Therefore the best way of tackling DOR is simply to try to conceive a baby before the age of 35, which is when a woman’s egg reserves start to dwindle. If you have DOR alongside another medical condition, such as hyperthyroidism, then the preliminary condition has to be treated first before addressing the underlying fertility issues. Similarly if the DOR is caused by stress and smoking, these factors have to be eliminated first to determine whether their absence results in a higher fertility level.

In an ART setting, ovaries can be stimulated by Clomid and other gonadotropins. These hormones will not necessarily raise the levels of ovarian reserve, but they will make the eggs which are available and receptive mature, so that they are ready for fertilization.

Natural Therapies for Diminished Ovarian Reserve

Since the female ovarian reserve is determined before birth, the best way to maintain an adequate supply of eggs is to stop any activities which deplete egg reserves at a faster rate than normal.

  • A key way of doing this is stopping smoking and controlling stress.
  • Diets containing protein and unsaturated fats (olive, avocado and pumpkin seed oil) as well as being high in fibre leads to better mental and physical health, which can affect a number of processes in the body. This facilitates smoother metabolic processes crucial for reproduction.
  • Other natural ways of dealing with DOR are making sure you take part in regular exercise, get enough sleep, acupuncture, massage therapies, and having a strong support system of family and friends.

Proven Over-the-Counter Supplements to Increase Fertility

The most recent breakthrough in the field of assisted reproductive technology is in the use of dehydroepiandrosterone (DHEA). This was used as a non-prescription food supplement but it has been accidentally discovered that it improves ovarian function11, increases fertility, and decreases the incidence of miscarriages. Recent studies have indicated that DHEA directly increases the number of antral follicles in subjects that have had DHEA supplementation in the long- term.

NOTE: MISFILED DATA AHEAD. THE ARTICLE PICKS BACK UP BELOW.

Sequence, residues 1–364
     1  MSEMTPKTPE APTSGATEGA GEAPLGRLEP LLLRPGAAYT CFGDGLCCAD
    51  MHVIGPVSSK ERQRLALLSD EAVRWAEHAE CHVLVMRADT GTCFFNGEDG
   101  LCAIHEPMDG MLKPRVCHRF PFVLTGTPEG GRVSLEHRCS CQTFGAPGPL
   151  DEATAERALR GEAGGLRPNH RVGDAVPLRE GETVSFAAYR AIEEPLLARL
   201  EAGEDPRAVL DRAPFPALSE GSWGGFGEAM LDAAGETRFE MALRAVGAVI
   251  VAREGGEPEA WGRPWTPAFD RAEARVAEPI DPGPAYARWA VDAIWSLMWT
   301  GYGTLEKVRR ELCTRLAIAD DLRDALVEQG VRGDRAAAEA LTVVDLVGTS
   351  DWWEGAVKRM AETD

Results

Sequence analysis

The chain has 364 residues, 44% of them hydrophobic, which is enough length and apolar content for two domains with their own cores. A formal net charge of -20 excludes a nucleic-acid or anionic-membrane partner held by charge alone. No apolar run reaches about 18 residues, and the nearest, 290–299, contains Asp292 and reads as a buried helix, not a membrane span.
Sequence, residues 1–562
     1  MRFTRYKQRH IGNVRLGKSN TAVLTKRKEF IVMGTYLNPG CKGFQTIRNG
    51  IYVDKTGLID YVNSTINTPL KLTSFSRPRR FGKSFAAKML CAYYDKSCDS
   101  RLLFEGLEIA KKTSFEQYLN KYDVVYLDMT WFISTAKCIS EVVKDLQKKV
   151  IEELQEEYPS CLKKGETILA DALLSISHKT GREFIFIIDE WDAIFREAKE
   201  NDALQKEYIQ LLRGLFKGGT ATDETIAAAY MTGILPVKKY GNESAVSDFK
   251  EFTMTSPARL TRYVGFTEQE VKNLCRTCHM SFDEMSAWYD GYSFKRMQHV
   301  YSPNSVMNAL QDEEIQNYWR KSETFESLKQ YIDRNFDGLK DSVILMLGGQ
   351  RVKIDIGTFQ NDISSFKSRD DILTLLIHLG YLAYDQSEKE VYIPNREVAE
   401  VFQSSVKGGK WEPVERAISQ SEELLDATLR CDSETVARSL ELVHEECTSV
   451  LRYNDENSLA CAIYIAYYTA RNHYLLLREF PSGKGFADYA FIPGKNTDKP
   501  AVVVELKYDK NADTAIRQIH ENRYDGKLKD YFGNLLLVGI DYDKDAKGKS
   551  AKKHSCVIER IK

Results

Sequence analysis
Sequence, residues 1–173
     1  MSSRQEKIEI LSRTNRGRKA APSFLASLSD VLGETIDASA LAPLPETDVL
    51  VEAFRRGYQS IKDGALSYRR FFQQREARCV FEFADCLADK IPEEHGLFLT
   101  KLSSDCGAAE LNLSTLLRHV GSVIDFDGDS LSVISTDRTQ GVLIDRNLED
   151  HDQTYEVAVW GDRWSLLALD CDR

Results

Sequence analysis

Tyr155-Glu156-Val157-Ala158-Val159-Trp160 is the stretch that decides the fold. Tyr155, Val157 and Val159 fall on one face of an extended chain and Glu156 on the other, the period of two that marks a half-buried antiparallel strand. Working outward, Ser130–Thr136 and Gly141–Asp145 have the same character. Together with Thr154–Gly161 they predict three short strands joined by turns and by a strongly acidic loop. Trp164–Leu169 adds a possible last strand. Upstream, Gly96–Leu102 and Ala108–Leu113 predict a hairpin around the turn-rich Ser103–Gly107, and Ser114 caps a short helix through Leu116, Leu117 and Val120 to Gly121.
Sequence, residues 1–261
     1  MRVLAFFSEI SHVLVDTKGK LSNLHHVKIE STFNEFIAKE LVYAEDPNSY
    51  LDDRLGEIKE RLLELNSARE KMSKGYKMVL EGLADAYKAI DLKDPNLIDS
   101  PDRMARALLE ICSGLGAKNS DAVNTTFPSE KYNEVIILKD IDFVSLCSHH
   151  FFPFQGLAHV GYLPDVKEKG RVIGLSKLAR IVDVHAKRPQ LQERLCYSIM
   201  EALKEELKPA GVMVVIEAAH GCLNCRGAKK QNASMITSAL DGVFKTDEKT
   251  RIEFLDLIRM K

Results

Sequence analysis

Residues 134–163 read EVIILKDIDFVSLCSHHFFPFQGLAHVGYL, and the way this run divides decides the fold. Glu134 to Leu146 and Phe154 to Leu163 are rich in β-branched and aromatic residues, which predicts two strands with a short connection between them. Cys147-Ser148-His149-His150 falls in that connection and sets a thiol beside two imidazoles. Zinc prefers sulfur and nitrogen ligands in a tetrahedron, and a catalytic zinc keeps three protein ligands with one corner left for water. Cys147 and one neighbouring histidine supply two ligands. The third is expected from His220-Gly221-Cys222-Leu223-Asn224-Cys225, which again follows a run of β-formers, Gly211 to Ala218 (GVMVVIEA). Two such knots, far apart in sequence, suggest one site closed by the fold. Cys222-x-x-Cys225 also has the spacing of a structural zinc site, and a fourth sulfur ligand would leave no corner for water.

Conclusion

Given the finite number of eggs that women are born with, ovarian reserve can be considered a fixed variable in the pregnancy formula. Yet despite the limitations imposed by nature, pregnancy can still occur if the egg store is carefully manipulated.

Bibliography

  1. Miller A, Riehle- Colarusso T, Siffel C, Frias JL, Correa A. Maternal age and prevalence of isolated congenital heart defects in an urban area of the United States. Am J Med Genet A. 2011; 155 (9): 2137- 45
  2. Luo YL, Cheng YL, Gao XH, Tan SQ, Li JM, Wang W, Chen Q. Maternal age, parity and isolated birth defects: a population- based case- control study in Shenzhen, China. PLoS One. 2013; 8 (11)
  3. Tsolakidis D, Pados G, Vavilis D, Athanatos D, Tsalikis T, Giannakou A, Tarlatzis BC. The impact on ovarian reserve after laparoscopic ovarian cystectomy versus three- stage management in patients with endometriomas: a prospective randomized study. Fertil Steril. 2010; 94 (1): 71- 7
  4. Richardson MC, Guo M, Fauser BC, Macklon NS. Environmental and developmental origins of ovarian reserve. Hum Reprod Update. 2014; 20 (3): 353- 69
  5. Rijal B, Shrestha R, Jha B. Association of thyroid dysfunction among infertile women visiting infertility centre of Om Hospital, Kathmandu, Nepal. Nepal Med Coll J. 2011; 13 (4): 247- 9
  6. Sharma R, Biedenharn KR, Fedor JM, Agarwal A. Lifestyle factors and reproductive health: taking control of your fertility. Reprod Biol Endocrinol. 2013; 11: 66
  7. Radin RG, Hatch EE, Rothman KJ, Mikkelsen EM, Sorensen HT, Riis AH, Wise LA. Active and passive smoking and fecundability in Danish pregnancy planners. Fertil Steril. 2014; 102 (1): 183- 191
  8. El- Nemr A, Al- Shawaf T, Sabatini L, Wilson C, Lower AM, Grudzinskas JG. Effect of smoking on ovarian reserve and ovarian stimulation in in- vitro fertilization and embryo transfer. Hum Reprod. 1998; 13 (8): 2192- 2198
  9. Levi AJ, Raynault MF, Bergh PA, Drews MR, Miller BT, Scott RT. Reproductive outcome in patients with diminished ovarian reserve. Fertil Steril. 2001; 76 (4): 666- 9
  10. Reproductive Endocrinology and Infertility Committee, Family Physicians Advisory Committee, Maternal- Fetal Medicine Committee, Executive and Council of the Society of Obstetricians, Liu K, Case A. Advanced reproductive age and fertility. J Obstet Gynaecol Can, 2011; 33 (11): 1165- 75
  11. Singh N, Zangmo R, Kumar S, Roy KK, Sharma JB, Malhotra N, Vanamail P. A prospective study on role of dehydroepiandrosterone (DHEA) on improving the ovarian reserve markers in infertile patients with poor ovarian reserve. Gynecol Endocrinol. 3013; 29 (11): 989- 92